Which is the Best Description?
Date: 03/25/2001 at 17:59:57 From: Sandra Notesetine Subject: Mode, mean, range, median; which best describes? I am asked to answer the question; "which best describes the number of times "Popular Song" was played on the radio per day?" given the following information: Sunday: 9 Monday: 13 Tuesday: 13 Wednesday: 12 Thrusday: 14 Friday: 3 Saturday: 10 I calculated that the range is 11, the median is 12, the mode is 13, and the mean is 10.5. How should this question be answered? Is there an answer? I would guess the answer to be mode, since 13 occurs twice in the list. But I don't know how to answer the question. Please help.
Date: 03/26/2001 at 15:35:06 From: Doctor TWE Subject: Re: Mode, mean, range, median; which best describes? Hi Sandra - thanks for writing to Dr. Math. Statistics are used to describe a data set. Two of the most common characteristics we want to describe about a set of data are its "central tendency" and its "spread." There are three common measures of central tendency; the mean, median and mode. You are apparently already aware of the definitions of these and how to calculate them. (By the way, the mean is 10.571... which would round off to 10.6, not 10.5 - but that's a minor point.) The question is; which *best* describes the data set? The answer to that depends on what exactly you want to describe. Let me give you another example. Let's say we were comparing two basketball players, Anne and Rich. In five games they've made the following points: G# Anne Rich -- ---- ---- 1 12 10 2 0 13 3 13 9 4 25 8 5 0 10 When comparing means, Anne and Rich seem to be equivalent, since each averages 10 points per game. If we look at their median scores, Anne seems to be the better player; her median is 12 as compared to Rich's median of 10. If we consider their modes, the "most likely outcome" is that Anne will score 0 points, but Rich will score 10. Rich's mode is better than Anne's. Let's look at these numbers all together: Anne Rich ---- ---- Mean 10 10 Median 12 10 Mode 0 10 Who's better? It depends on what you're looking for. If, for example, you were to have an "office pool" on how many points Anne or Rich will score in the next game (and you had to get the score exactly to win the pool), you'd want to use their modes. If you had a pool and the winner was the one who came closest to the player's score, you'd want to use their means. If you wanted to know what score you'd have to get to have a better-than-even chance of outscoring Anne or Rich, you'd want to use the median (or more precisely, the median + 1). The numbers don't indicate a clear "winner," but they do paint a good picture of the types of players Anne and Rich are. You are correct in eliminating the range as an option - range (along with variance and standard deviation) is a measure of "spread," or distribution of the data, not central tendency. My assumption is that the problem was not asked with a right or wrong answer in mind, but rather to see if the student can justify his or her choice. Does it ask the student why he or she gave their answer? This type of question can be used to test the student's understanding of the underlying concepts rather than just their ability to "number crunch." I hope this helps. If you have any more questions, write back. - Doctor TWE, The Math Forum http://mathforum.org/dr.math/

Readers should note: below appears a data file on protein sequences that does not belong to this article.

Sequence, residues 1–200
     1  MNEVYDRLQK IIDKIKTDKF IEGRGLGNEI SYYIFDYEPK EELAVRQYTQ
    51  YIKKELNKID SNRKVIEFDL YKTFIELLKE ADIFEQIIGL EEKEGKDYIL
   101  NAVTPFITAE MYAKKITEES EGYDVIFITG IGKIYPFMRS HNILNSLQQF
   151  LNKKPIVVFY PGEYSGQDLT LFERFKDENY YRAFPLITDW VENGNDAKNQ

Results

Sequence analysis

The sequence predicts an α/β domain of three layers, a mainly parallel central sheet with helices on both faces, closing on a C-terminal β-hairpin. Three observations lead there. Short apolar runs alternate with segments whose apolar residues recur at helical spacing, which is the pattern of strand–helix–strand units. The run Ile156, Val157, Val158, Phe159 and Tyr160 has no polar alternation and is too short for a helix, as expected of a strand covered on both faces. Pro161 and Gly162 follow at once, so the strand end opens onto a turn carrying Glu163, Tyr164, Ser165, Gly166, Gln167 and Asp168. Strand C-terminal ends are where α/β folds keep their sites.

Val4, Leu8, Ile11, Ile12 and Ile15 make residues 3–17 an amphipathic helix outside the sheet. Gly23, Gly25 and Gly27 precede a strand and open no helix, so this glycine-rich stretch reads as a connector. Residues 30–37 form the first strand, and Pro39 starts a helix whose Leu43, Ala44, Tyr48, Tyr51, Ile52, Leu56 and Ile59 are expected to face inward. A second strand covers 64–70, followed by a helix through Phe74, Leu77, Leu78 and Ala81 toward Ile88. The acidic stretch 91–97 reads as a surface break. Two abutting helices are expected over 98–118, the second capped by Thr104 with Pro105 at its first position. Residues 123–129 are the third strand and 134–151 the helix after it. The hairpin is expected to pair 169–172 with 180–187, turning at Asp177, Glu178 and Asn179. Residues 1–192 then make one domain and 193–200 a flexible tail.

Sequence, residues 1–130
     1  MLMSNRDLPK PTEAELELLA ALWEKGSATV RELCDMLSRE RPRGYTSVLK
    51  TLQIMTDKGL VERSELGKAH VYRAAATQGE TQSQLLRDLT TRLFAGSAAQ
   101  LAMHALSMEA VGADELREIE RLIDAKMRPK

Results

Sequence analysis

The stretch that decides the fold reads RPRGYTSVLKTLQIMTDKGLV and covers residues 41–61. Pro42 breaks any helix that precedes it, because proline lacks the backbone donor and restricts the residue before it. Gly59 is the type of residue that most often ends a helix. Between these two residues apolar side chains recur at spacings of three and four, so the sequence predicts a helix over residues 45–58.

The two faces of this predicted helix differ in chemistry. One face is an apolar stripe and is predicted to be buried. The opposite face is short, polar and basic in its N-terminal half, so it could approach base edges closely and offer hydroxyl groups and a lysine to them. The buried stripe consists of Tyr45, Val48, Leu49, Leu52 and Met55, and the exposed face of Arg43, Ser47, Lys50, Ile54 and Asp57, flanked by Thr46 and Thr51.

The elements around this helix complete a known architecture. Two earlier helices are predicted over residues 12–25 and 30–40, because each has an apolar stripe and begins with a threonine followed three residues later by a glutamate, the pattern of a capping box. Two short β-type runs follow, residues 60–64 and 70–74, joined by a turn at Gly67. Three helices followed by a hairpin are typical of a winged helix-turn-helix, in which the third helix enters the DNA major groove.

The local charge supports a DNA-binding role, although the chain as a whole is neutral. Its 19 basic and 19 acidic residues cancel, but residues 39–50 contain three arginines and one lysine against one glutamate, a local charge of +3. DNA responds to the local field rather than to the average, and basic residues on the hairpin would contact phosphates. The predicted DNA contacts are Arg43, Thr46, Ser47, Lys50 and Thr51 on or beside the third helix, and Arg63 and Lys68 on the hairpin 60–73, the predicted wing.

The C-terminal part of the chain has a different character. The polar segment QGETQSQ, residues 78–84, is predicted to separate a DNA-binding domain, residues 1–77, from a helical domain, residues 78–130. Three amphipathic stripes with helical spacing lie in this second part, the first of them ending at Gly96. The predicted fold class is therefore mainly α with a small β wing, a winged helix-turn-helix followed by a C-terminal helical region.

Date: 03/26/2001 at 23:29:09 From: Sandy Subject: Re: Mode, mean, range, median; which best describes? Thank you for your response. No explanations are requested. The question is multiple choice. Which one best describes the number of times "popular song" was played on the radio per day? There is no comparison to anything else. 1. Mean 2. Median 3. Mode 4. Range Thanks. I am so glad you are here on the Web.
Date: 03/27/2001 at 11:57:20 From: Doctor TWE Subject: Re: Mode, Mean, Range, median which best describes? Hi Sandy - thanks for writing back. This is why I dislike closed form (i.e. multiple choice, true/false, etc.) interpretation questions. There are valid arguments that can be made for any of the first three choices, depending on why the information is being sought. But in lieu of more information, I would say that the mode *probably* best describes the number of times the song was played. As a teacher, I avoid using multiple choice except for "factual" recall questions. (E.g. "which of the following is the median of the data set?") When it comes to interpreting data and understanding concepts, I want to see what the student is thinking, and the only way to do that is with open-ended questions. (E.g. "which measure of central tendency best describes the number of times the song was played on the radio per day? Defend your choice.") I hope this helps. If you have any more questions or comments, write back again. - Doctor TWE, The Math Forum http://mathforum.org/dr.math/
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